Take Care While You’re Here
With millions of visitors to the South Downs every year, we want everyone to have a safe, positive experience of the National Park.
We ask all visitors to behave responsibly and to respect the Park. After all, this is a Living Landscape home to people who live and work here, as well as livestock and wildlife, including rare species not found anywhere else.
In an emergency
If you find yourself in need of emergency assistance when in the Park, please call 999. Provide accurate details as to where you are and the nature of the emergency. In some cases, you won’t be near a roadside but if you have GPS on a working phone or access to a map, provide the operator with a grid reference.
Be cliff aware
The view from the cliffs at Seven Sisters Country Park are some of the most awe-inspiring in the world. However, the cliffs are very old and very fragile.
Please follow the signs and stick to the path, safely away from the cliff edge. No selfie or photo is worth the risk of potentially falling. Likewise, if walking on the beach, avoid walking directly underneath the cliffs. Landslips can happen at any time and without warning.
If you do spot anyone in trouble or at immediate risk, please call 999 straight away.
In the summer months, the fire risk in the South Downs is high to very high.
Help protect habitats and wildlife by not lighting open fires or BBQs in the National Park.
If you spot a BBQ or fire where there shouldn’t be one, please call 101 to report it or dial 999 in an emergency.
There’s some wonderful Downland walks across the National Park. Although the weather is not as wild as in other parts of the UK, it’s important to remember how exposed the hills are, especially to wind and rain.
As always, follow Alfred Wainwright’s advice: “There’s no such thing as bad weather, only unsuitable clothing.”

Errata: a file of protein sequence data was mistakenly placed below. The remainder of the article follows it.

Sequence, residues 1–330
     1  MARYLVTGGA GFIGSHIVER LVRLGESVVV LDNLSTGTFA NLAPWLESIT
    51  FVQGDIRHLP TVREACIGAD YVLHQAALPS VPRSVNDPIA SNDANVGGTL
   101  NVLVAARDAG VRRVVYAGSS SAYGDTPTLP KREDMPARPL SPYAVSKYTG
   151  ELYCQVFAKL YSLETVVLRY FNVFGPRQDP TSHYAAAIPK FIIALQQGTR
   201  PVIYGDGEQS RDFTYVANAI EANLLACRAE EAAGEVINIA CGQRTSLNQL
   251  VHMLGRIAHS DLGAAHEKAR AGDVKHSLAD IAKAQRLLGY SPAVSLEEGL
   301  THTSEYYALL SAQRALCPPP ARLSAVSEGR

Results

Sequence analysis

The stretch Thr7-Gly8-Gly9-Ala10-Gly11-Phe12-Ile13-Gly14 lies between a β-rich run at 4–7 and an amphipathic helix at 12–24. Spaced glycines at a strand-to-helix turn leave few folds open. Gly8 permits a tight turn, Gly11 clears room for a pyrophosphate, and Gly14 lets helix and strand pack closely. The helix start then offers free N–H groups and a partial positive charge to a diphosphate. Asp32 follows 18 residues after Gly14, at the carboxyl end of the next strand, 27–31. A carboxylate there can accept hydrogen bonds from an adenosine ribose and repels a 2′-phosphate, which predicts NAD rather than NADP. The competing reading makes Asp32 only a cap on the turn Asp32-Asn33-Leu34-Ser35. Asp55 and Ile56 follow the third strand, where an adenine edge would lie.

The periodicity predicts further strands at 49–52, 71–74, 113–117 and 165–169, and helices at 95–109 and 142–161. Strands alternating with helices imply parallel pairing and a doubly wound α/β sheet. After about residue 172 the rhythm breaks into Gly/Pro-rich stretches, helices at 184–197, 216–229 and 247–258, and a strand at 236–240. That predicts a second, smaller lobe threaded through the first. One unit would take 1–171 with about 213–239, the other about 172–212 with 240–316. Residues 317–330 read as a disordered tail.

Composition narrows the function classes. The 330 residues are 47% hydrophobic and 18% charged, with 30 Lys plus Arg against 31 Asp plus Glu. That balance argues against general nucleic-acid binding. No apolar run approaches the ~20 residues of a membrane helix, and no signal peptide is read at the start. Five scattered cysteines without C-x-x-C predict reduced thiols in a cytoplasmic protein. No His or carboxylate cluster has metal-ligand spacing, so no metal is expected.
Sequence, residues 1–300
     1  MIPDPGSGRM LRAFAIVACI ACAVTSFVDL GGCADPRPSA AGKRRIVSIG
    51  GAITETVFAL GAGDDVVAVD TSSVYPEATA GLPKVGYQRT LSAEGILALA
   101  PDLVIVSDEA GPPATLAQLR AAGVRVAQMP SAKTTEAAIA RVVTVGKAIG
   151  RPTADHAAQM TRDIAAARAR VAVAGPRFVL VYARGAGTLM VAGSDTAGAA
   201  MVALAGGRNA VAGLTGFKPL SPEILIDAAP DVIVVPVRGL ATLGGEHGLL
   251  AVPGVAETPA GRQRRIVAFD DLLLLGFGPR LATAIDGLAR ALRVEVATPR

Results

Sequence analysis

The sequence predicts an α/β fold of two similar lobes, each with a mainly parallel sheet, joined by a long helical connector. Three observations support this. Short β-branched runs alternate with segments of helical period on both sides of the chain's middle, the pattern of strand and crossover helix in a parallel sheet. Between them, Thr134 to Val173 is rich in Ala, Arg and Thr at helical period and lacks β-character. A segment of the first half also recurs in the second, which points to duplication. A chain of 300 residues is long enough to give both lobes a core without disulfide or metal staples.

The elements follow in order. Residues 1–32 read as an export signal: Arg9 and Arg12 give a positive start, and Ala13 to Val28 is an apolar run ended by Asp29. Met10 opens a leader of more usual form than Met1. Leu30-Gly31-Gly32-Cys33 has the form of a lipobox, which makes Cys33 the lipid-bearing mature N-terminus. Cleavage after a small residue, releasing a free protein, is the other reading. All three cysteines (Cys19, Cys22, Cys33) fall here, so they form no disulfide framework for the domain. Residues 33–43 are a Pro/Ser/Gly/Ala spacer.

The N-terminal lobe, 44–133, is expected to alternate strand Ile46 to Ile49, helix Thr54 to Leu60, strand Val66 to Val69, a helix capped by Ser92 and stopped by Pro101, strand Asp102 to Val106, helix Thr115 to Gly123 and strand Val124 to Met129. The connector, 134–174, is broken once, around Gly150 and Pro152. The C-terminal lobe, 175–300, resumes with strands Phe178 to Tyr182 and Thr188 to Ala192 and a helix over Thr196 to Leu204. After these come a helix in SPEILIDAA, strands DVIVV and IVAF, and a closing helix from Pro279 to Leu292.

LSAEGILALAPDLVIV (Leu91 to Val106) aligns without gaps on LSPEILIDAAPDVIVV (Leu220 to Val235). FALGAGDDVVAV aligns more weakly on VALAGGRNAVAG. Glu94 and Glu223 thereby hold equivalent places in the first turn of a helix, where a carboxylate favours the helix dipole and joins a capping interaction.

All the land in the South Downs National Park is privately owned and no ‘wild camping’ is permitted anywhere in the National Park.
If you are intending to camp, you must receive the landowners’ permission beforehand.
Camping without permission is a criminal offence and you may be prosecuted.
Please be ‘tick aware’ whenever you are in the countryside.
Ticks are tiny spider-like creatures found in moist areas of dense vegetation or long grass in woodland, grassland, moorland, heathland and some urban parks and gardens.
They can be found throughout the year, but are most active between spring and autumn. They feed on the blood of birds and mammals, including humans.
Some ticks carry the bacteria responsible for Lyme disease, an infection that can spread to humans if bitten by infected ticks.
It is possible to reduce the risk of tick bites by following some simple advice:
- When possible, stick to footpaths and avoid long grass when walking or cycling
- Wear long sleeved shirts and trousers tucked into your socks when near tick-infested areas
- Wearing light-coloured fabrics that may help you spot a tick on your clothes
- Use insect repellent on any exposed skin
- Check your skin and clothes for ticks at the end of the day, removing any you find as soon as possible
- Regularly check your pets for ticks
If Lyme disease is left untreated, you could develop severe symptoms. Lyme disease is treatable if caught early, so it’s important to know the symptoms and look out for them.
Read full NHS advice on ticks and Lyme disease.
Livestock have been grazing the slopes of the chalk downland for centuries. They play a vital role in preserving the biodiversity of this habitat.
If enjoying the National Park with your dog, please keep them on the lead at all times when passing through farmland or near livestock. Although perfectly used to people, livestock can become unpredictable if they are disturbed or feel threatened, especially during calving and lambing season in the spring.
Parts of the South Downs provide vital habitat for a number of groundnesting bird species.
If walking your dog, please keep them on the lead and stick to the paths to avoid disturbing the birds and young chicks.
Also, please pick up after your dog and dispose of dog poo in a bin.
There are a number of roads in the National Park, there are shared by cyclists and motorists, as well as walkers who may have to cross busy roads if following footpaths.
Roads are a shared space and the highway code should be adhered to at all times.
Unfortunately rural car parks are a target for thieves.
Please avoid leaving valuables in vehicles or on display. If you witness a break in, please report this to the police.